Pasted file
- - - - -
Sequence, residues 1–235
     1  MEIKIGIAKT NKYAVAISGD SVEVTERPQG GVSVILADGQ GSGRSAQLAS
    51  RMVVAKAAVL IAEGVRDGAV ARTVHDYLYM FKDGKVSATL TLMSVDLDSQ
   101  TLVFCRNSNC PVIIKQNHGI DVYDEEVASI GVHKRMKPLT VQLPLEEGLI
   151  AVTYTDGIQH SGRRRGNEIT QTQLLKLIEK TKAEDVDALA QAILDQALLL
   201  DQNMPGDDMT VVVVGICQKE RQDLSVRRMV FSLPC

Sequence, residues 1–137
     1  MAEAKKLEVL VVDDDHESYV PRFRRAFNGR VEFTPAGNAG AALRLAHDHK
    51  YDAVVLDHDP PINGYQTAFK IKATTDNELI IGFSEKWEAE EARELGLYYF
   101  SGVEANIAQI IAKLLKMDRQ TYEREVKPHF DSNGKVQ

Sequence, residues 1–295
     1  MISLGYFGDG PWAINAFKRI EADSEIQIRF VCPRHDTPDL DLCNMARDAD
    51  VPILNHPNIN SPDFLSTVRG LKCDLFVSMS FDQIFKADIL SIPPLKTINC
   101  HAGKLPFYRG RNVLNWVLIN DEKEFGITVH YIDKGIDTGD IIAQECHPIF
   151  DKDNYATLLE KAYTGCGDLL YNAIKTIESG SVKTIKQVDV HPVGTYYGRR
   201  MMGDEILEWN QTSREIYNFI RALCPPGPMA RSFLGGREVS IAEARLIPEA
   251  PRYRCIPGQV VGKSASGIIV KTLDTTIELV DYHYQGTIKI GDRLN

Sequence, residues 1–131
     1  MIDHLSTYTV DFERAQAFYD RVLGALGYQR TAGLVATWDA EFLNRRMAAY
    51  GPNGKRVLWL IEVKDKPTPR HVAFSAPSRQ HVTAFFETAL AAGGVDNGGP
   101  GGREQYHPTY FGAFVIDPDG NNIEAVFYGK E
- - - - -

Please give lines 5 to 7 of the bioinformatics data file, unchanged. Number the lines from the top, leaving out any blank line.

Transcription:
   151  AVTYTDGIQH SGRRRGNEIT QTQLLKLIEK TKAEDVDALA QAILDQALLL
   201  DQNMPGDDMT VVVVGICQKE RQDLSVRRMV FSLPC

Sequence, residues 1–137